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1994 result of Smith and Csordas inspires solution to Newman’s Conjecture

Newly (re-)elected department chair Wayne Smith with Varga and our professor emeritus George Csordas in a 1994 paper gave results on the de Bruijn-Newman constant $\Lambda$, where the statement $$\Lambda\le 0$$ is equivalent to the Riemann Hypothesis (some of Riemann’s notes on this shown above). Now in 2018 Terence Tao and Rodgers have shown $$\Lambda\ge 0.$$ Their primary inspiration, judging from the abstract, was Smith et al.’s work:
Wayne Smith in 2012

For each $t \in {\bf R}$, define the entire function $$ H_t(x) := \int_0^\infty e^{tu^2} \Phi(u) \cos(xu)\ du$$ where $\Phi$ is the super-exponentially decaying function $$ \Phi(u) := \sum_{n=1}^\infty (2\pi^2 n^4 e^{9u} – 3\pi n^2 e^{5u} ) \exp(-\pi n^2 e^{4u} ).$$ Newman showed that there exists a finite constant $\Lambda$ (the de Bruijn-Newman constant) such that the zeroes of $H_t$ are all real precisely when $t \geq \Lambda$. The Riemann hypothesis is the equivalent to the assertion $\Lambda \leq 0$, and Newman conjectured the complementary bound $\Lambda \geq 0$.
In this paper we establish Newman’s conjecture. The argument proceeds by assuming for contradiction that $\Lambda < 0$, and then analyzing the dynamics of zeroes of $H_t$ (building on the work of Csordas, Smith, and Varga) to obtain increasingly strong control on the zeroes of $H_t$ in the range $\Lambda< t \leq 0$, until one establishes that the zeroes of $H_0$ are in local equilibrium, in the sense that locally behave (on average) as if they were equally spaced in an arithmetic progression, with gaps staying close to the global average gap size. But this latter claim is inconsistent with the known results about the local distribution of zeroes of the Riemann zeta function, such as the pair correlation estimates of Montgomery.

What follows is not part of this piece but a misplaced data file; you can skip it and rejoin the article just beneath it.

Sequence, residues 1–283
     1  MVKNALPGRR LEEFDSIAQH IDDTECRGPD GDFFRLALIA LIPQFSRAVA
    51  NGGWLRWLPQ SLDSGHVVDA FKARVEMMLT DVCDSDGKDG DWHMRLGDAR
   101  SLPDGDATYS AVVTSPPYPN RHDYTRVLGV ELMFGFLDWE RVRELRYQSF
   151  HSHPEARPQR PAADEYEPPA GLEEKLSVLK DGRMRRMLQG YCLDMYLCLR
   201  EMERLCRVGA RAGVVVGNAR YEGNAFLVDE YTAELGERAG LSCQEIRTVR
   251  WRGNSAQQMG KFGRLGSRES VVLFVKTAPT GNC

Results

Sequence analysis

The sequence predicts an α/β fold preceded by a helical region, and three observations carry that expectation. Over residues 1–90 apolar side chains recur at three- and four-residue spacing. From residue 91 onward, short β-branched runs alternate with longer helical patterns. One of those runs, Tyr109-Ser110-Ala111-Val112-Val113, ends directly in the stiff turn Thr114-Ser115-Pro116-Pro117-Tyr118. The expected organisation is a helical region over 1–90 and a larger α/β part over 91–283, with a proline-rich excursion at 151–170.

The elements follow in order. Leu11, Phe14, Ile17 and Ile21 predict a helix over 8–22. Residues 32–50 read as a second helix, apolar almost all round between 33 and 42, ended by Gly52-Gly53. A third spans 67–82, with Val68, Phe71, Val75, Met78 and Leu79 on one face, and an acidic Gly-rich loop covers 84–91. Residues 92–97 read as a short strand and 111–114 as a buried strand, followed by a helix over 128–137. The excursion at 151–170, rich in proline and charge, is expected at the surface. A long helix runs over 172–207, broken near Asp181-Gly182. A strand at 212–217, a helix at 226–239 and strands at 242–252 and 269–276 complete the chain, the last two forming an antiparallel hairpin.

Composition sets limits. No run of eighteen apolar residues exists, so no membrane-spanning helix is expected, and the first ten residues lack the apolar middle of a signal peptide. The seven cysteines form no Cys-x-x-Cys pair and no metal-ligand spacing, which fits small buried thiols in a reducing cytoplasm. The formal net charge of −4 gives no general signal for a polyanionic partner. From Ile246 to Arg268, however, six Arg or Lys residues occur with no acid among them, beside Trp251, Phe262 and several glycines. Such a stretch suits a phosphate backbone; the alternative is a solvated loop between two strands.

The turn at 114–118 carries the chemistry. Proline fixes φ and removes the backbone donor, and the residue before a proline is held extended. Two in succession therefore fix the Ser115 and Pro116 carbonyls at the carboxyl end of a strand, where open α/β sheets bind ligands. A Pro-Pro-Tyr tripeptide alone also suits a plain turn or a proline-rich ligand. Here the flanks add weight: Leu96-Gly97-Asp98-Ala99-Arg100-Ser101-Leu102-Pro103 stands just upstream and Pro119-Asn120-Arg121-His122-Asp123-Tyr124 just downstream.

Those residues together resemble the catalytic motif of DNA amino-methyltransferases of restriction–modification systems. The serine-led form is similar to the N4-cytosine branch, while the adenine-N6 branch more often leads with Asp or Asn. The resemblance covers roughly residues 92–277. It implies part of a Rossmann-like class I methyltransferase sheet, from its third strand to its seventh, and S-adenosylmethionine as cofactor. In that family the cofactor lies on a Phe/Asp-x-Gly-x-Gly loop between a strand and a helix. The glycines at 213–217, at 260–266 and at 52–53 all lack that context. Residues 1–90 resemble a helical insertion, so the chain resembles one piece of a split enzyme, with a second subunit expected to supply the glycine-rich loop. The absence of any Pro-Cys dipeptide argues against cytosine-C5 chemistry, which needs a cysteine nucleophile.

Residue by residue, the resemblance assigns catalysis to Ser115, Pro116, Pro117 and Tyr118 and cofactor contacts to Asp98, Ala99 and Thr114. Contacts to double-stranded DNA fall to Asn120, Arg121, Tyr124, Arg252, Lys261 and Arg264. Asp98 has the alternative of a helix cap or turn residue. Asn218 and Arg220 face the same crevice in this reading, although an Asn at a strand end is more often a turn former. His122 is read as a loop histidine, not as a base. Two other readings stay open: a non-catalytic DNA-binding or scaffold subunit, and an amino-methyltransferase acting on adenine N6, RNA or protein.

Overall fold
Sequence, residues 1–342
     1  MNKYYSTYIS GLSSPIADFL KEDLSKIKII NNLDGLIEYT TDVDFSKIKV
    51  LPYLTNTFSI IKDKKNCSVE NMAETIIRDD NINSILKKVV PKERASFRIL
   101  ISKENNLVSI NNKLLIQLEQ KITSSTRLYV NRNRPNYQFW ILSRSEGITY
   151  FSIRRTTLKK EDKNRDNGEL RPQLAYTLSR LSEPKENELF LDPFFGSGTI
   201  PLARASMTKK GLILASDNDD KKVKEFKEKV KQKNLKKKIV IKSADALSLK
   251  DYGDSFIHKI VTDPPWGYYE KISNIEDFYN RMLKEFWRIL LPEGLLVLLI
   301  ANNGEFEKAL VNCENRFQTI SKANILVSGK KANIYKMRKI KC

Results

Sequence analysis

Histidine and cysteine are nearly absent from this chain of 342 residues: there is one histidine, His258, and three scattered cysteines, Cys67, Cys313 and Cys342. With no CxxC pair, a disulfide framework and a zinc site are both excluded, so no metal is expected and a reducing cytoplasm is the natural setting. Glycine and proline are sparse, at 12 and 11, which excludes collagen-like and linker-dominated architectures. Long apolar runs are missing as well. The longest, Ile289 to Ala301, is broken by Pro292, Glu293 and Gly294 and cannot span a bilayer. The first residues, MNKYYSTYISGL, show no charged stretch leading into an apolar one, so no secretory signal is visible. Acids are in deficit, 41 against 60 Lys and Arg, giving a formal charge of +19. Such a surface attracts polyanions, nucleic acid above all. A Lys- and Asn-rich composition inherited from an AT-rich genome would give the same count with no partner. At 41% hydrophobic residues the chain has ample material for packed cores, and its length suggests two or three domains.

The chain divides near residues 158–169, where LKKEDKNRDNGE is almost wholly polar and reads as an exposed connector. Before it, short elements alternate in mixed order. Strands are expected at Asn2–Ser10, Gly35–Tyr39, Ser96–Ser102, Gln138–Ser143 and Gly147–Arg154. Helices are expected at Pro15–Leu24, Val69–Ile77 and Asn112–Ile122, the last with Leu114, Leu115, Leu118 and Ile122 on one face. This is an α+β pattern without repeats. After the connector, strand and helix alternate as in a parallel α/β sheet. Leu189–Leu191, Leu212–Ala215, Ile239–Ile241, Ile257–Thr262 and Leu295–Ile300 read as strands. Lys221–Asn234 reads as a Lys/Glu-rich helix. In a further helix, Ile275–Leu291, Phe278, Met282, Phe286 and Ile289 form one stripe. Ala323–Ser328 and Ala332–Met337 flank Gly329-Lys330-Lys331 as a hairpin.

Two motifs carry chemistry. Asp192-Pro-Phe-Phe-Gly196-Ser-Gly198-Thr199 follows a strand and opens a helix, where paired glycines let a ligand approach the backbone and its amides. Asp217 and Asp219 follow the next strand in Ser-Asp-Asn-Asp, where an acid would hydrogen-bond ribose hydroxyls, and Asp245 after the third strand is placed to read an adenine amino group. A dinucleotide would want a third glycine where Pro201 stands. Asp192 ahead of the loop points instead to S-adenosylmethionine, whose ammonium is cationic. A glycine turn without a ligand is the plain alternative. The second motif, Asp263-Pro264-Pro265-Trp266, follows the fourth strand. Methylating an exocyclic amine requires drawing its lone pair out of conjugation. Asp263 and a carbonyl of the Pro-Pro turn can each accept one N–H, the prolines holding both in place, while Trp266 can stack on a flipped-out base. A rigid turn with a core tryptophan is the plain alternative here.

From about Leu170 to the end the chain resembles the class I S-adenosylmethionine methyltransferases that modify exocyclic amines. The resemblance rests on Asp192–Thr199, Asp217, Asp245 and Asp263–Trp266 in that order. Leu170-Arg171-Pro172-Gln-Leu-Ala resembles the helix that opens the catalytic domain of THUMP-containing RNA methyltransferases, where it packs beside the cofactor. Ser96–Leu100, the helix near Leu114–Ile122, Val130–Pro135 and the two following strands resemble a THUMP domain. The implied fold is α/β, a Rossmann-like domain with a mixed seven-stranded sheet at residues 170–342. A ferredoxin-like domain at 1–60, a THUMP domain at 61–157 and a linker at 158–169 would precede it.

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Open Educational Resources for Statistics and Data Science

OER at UH Manoa is growing and the Mathematics is participating with free online (and cheap hard copy) textbooks for MATH 111-112 and MATH 372 on the books and in the works.


The MATH 372 textbook, tentatively entitled Statistics and Hidden Markov Models for Calculus Students, is authored by Professor Bjørn Kjos-Hanssen and PhD student Samuel Birns.
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The book is being developed during Fall 2018. It is a supplement to OpenIntro Statistics (3rd Edition), a free textbook which describes calculus in a mathematics-rich but calculus-free way. Reading it, one will encounter many practical examples and probability calculations, but may never learn that the standard normal probability density function is
$$f_Z(z)=\frac1{\sqrt{2\pi}}e^{-z^2/2}.$$
MATH 372 is our junior-level elementary probability and statistics course and is intended for students who have already taken Calculus I and II. (Students who have taken Calculus III and IV can learn why the normal distribution has that $\frac1{\sqrt{2\pi}}$ factor in MATH 471 and MATH 472, our senior-level courses on the subject.)

A hidden message in the book title is that linear algebra is not a required prerequisite. Thus, we do not go into the typical machine learning material. However, the book includes a chapter on Hidden Markov Models and an associated complexity notion studied in Kjos-Hanssen’s recent Experimental Mathematics article.

MATH 372 is projected to become a high-enrollment course starting in Spring 2019 when Information & Computer Sciences starts to require it for their data science concentration.

Table of Contents:

  1. Data
  2. Probability
  3. Distributions
  4. Inference
  5. Inference for numerical data
  6. Inference for categorical data
  7. Linear regression
  8. Model selection

The textbook projects are funded by Outreach College as one of their OER Grant Projects.